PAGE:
The same cherry-picking of races and conversations is true for nearly every episode. The culmination of Mercedes Team Principal Toto Wolff and driver Lewis Hamilton’s chat about the team’s failing car at the end of episode six deceptively implies the world champion’s stay at Mercedes. However, the recent announcement about Hamilton’s departure makes the deliberate editing of these negotiations feel ignorant. Similarly, the show’s depiction of Alpha Tauri reserve driver Liam Lawson’s first F1 races misleads the viewer into believing that Lawson’s performance, although impressive, was groundbreaking, and that his failure to secure a seat for the following season was a tragedy. The confusing editing of Lawson’s point-scoring success at the Singapore GP as his inaugural race, rather than his fourth, is a careful reconstruction that dutifully dismisses Alphatauri’s holistic success throughout the season, a record that makes Lawson’s success somewhat pale in comparison. 

Revealing paddock-wide political discussions that take place behind the scenes is another cornerstone of DTS that feels eerily ingenuine this season. DTS gained mainstream viewership largely due to the show’s signature fly-on-the-wall style of filming, broadcasting secretive meetings between team principals and drivers and capturing glimpses of off-season contract negotiation chaos to curate a thrilling viewing experience. Season six, however, inorganically forced crucial conversations and scenes that would’ve never occurred without DTS’s intervention.

One instance is when Wolff sits down with Hamilton to convince the driver to stay with the team. The obviously staged interaction leaves one frustrated, and muddles the exciting nature of an inside look into secretive negotiations. This orchestrated conversation is just one of many, with McLaren, Alpha Tauri, and Aston Martin, being a few of the other teams subjected to artificially produced scenes for quote grabs or narration purposes.

Another returning favorite of DTS is narration by F1 journalist Will Buxton, who is joined this time by former Williams Team Principal Claire Williams and former professional driver and racing commentator Danica Patrick. Buxton returns with his infamous commentary style of stating the painfully obvious, rarely adding additional context or meaning to episodes. However, his being on the nose does create several amusing quotes, with one of the best being “Haas are in a really difficult spot. It’s not bringing a knife to a gunfight. They’re bringing a spoon.” Williams brought a refreshing perspective as a former team principal, often weighing in with personal insights to help viewers understand the complex decisions made by the paddock’s ten current team principals. Her explanations added gravity to the precarious situations teams faced throughout the season, and her analyses were a welcome complement to Buxton’s witty but substanceless comments. Patrick, however, was wasted potential and forgettable compared to her counterparts. Her expertise as a past driver gave fans hope that she would bring a unique perspective on driver decisions and experiences; however, her commentary was just as explicit as Buxton’s, but lacked the humor that makes him so charming.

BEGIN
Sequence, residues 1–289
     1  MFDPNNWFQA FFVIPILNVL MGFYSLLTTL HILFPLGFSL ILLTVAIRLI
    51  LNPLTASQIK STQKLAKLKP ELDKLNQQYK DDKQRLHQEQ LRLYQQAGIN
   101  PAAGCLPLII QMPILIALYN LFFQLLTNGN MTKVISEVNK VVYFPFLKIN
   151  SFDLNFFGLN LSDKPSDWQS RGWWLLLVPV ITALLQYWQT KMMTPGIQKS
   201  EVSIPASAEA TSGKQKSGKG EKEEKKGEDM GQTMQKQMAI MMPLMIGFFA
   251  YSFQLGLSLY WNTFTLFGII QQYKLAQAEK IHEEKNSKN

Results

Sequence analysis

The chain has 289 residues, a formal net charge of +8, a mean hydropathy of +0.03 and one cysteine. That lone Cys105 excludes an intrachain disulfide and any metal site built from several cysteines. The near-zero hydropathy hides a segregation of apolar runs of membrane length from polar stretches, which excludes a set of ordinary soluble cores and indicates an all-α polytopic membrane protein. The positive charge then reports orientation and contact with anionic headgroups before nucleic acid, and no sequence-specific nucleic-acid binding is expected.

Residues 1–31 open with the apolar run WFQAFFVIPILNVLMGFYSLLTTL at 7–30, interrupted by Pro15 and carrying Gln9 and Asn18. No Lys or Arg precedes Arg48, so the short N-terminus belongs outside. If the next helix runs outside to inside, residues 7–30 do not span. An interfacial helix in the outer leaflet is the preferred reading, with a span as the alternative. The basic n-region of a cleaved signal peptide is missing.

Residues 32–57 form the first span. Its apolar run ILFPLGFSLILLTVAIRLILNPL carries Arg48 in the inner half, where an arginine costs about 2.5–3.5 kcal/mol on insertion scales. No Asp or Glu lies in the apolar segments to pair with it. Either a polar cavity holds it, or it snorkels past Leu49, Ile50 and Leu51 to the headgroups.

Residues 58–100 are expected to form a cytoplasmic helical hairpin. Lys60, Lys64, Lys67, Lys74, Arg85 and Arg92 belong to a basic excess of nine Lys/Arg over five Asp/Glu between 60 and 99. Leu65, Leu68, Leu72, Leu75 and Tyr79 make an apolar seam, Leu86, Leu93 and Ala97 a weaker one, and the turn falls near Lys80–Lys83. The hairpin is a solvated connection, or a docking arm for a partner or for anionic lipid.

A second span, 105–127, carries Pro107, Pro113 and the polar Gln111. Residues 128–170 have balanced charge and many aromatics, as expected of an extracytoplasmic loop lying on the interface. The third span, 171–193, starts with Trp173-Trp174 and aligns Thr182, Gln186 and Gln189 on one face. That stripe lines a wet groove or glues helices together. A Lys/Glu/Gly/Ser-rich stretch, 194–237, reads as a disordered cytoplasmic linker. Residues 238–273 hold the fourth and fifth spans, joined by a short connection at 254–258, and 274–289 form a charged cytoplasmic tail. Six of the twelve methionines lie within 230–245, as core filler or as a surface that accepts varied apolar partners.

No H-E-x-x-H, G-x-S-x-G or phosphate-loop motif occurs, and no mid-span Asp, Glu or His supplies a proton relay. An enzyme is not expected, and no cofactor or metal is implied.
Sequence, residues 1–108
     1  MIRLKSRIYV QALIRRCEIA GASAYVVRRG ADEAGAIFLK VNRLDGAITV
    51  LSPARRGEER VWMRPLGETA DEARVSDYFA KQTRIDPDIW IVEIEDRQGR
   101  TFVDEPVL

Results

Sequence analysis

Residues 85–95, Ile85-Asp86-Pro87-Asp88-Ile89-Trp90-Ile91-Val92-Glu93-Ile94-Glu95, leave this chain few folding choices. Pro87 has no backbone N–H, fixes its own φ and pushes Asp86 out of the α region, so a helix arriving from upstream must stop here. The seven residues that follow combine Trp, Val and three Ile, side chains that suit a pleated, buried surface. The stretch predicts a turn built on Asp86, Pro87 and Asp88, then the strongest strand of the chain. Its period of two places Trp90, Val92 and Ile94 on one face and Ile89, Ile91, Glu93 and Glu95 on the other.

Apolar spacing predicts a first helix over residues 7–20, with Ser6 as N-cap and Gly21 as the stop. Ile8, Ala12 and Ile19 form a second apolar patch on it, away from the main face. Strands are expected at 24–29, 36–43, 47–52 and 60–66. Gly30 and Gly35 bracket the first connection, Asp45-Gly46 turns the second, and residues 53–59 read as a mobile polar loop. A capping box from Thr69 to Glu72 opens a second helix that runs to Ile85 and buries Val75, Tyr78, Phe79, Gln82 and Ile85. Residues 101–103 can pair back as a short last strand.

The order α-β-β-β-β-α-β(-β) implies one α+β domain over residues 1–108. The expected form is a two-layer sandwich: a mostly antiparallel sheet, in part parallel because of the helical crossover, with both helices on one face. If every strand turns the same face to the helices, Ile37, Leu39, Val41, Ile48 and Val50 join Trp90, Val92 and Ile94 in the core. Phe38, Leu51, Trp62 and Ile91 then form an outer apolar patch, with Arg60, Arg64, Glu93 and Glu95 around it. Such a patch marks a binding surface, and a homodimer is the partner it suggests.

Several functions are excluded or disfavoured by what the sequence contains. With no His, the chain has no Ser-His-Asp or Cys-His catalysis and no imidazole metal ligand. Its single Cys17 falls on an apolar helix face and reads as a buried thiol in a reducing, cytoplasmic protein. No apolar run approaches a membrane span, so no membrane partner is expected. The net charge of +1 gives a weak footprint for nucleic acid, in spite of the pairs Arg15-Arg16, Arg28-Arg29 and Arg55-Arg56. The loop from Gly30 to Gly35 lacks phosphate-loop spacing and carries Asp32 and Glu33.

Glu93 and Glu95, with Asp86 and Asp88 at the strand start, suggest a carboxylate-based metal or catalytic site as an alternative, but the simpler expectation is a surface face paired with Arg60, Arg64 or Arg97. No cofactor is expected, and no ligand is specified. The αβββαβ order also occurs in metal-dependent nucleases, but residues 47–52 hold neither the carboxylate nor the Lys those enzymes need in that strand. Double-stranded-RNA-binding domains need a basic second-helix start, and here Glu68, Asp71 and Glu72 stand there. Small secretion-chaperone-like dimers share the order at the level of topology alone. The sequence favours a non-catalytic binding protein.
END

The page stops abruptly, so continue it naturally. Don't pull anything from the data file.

Overall, DTS season six’s dramatized episodes feel gimmicky at times, and the falsely constructed narratives and artificial “behind-the-scenes” moments stray far from actual paddock politics. The commentators, team principals and drivers are what make the show: they’re undeniably hilarious, and despite being sports professionals, seem as if they were made for the silver screen. As a result, season six is a fun watch regardless of its lackluster plots, but this is by merit of the inherent magnetism of its stars, rather than DTS’s efforts. Since the premiere of DTS season one, drivers and team principals have played a major role in pushing F1 into the mainstream limelight by being the charismatic people they are. As such, despite season six ultimately falling flat in its content and filming style, the show—as flashy and dramatic as the Las Vegas circuit—will likely continue to pull new fans into the world of F1.